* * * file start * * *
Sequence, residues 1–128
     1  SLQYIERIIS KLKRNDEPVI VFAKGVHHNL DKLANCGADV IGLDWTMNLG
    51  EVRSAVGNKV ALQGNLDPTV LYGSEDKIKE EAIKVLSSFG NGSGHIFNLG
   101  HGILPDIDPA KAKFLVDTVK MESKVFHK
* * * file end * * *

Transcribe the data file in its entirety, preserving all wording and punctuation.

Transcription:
Sequence, residues 1–128
     1  SLQYIERIIS KLKRNDEPVI VFAKGVHHNL DKLANCGADV IGLDWTMNLG
    51  EVRSAVGNKV ALQGNLDPTV LYGSEDKIKE EAIKVLSSFG NGSGHIFNLG
   101  HGILPDIDPA KAKFLVDTVK MESKVFHK